Help Privacy Policy Disclaimer
  Advanced SearchBrowse




Journal Article

The pervasive role of pragmatics in early language

There are no MPG-Authors in the publication available
External Resource
No external resources are shared
Fulltext (restricted access)
There are currently no full texts shared for your IP range.
Fulltext (public)
There are no public fulltexts stored in PuRe
Supplementary Material (public)
There is no public supplementary material available

Bohn, M., & Frank, M. C. (2019). The pervasive role of pragmatics in early language. Annual Review of Developmental Psychology, 1, 223-249. doi:10.1146/annurev-devpsych-121318-085037.

Cite as: https://hdl.handle.net/21.11116/0000-0006-475B-5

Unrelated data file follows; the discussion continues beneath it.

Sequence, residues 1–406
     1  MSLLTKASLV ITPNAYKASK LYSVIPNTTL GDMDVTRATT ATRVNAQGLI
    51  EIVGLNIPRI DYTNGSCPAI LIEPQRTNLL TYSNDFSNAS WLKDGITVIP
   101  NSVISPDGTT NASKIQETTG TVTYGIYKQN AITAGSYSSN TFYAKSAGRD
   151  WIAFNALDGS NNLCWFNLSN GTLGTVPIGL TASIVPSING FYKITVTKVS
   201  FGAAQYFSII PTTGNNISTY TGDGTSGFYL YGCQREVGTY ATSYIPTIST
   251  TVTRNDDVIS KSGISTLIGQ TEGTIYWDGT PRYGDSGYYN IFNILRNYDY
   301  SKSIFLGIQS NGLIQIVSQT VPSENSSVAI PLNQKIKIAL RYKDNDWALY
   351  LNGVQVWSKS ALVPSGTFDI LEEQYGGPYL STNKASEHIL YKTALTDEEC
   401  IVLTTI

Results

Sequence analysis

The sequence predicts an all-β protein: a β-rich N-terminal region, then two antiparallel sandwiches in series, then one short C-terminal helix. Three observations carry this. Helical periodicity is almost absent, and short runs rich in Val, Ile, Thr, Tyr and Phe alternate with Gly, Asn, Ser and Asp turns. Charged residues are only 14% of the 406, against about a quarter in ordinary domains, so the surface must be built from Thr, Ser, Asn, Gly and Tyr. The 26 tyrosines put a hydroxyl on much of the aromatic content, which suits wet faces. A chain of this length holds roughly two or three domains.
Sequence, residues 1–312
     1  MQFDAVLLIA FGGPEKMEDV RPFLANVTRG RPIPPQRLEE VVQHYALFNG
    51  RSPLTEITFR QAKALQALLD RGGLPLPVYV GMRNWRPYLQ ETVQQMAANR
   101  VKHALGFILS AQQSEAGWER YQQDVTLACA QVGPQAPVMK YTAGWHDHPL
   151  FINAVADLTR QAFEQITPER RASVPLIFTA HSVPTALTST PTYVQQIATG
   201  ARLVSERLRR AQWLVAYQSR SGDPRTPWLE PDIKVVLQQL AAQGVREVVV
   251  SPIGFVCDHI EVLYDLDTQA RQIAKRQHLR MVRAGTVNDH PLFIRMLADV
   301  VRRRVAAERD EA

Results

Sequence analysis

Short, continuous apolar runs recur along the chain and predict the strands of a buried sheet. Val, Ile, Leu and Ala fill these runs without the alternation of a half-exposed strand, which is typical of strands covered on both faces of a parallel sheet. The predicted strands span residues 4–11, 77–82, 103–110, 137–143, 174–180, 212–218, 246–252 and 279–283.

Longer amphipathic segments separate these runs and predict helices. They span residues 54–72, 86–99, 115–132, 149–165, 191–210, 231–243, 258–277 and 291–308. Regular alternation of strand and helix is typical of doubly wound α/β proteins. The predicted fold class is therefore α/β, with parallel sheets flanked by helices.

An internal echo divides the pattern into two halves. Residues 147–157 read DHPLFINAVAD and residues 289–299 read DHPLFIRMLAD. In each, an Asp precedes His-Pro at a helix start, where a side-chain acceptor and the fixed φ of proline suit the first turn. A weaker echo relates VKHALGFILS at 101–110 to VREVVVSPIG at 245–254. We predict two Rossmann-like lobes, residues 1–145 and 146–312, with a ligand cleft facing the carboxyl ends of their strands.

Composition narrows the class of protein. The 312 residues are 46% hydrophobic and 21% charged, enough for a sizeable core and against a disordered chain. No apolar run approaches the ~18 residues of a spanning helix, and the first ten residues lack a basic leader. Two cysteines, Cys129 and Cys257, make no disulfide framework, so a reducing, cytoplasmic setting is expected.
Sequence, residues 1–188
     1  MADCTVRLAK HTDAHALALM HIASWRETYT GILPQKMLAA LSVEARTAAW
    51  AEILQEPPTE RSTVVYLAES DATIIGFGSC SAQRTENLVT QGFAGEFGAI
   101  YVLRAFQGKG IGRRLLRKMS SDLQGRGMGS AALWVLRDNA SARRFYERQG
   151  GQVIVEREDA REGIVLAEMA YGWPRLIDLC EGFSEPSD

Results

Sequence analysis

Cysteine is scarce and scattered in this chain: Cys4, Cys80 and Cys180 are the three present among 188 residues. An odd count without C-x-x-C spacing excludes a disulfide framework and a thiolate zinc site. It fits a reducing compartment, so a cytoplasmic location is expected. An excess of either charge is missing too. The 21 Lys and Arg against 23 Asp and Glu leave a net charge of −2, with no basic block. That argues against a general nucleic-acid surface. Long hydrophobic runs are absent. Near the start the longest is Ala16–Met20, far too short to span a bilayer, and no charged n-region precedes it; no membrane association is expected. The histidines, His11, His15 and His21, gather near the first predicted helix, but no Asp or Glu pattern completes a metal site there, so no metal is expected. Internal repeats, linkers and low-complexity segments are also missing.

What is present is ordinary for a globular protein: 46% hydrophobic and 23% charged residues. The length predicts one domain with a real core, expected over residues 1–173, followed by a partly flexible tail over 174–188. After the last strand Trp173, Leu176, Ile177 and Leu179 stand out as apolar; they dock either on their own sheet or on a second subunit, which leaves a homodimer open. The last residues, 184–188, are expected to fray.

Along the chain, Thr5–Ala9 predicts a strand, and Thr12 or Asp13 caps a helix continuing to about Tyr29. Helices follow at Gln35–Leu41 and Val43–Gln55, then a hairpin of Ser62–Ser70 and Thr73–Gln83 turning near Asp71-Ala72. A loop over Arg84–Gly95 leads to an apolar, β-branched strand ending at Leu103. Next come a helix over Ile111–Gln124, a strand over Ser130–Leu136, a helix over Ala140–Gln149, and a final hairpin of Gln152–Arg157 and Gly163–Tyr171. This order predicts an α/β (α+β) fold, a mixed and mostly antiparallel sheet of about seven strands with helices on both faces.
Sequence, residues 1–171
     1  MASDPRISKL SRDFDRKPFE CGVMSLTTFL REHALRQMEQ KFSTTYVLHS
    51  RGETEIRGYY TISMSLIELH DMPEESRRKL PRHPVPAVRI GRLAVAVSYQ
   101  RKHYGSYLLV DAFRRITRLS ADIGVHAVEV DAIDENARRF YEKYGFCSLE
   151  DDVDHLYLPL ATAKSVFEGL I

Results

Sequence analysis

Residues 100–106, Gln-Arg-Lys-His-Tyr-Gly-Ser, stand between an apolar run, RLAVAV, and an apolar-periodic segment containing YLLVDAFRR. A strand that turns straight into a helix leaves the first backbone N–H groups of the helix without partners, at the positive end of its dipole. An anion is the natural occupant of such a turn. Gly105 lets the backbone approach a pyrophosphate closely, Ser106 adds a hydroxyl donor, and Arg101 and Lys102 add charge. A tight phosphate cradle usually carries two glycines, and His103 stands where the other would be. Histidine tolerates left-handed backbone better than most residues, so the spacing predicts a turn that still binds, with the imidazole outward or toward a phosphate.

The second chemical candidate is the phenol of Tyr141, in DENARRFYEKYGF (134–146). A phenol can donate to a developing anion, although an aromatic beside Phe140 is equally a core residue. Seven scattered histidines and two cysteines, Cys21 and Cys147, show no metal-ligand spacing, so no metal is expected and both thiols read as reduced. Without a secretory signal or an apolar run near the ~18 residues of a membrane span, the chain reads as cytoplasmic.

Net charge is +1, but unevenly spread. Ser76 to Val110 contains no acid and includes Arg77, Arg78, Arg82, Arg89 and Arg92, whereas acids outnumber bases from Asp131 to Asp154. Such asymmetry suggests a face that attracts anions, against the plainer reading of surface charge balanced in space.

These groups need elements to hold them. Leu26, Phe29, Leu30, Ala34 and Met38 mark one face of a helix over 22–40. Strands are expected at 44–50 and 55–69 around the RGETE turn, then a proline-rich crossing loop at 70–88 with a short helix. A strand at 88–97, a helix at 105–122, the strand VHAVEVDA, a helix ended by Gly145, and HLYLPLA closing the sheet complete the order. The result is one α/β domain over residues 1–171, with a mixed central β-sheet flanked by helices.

Language is a fundamentally social endeavor. Pragmatics is the study of how speakers and listeners use social reasoning to go beyond the literal meanings of words to interpret language in context. In this article, we take a pragmatic perspective on language development and argue for developmental continuity between early nonverbal communication, language learning, and linguistic pragmatics. We link phenomena from these different literatures by relating them to a computational framework (the rational speech act framework), which conceptualizes communication as fundamentally inferential and grounded in social cognition. The model specifies how different information sources (linguistic utterances, social cues, common ground) are combined when making pragmatic inferences. We present evidence in favor of this inferential view and review how pragmatic reasoning supports children's learning, comprehension, and use of language.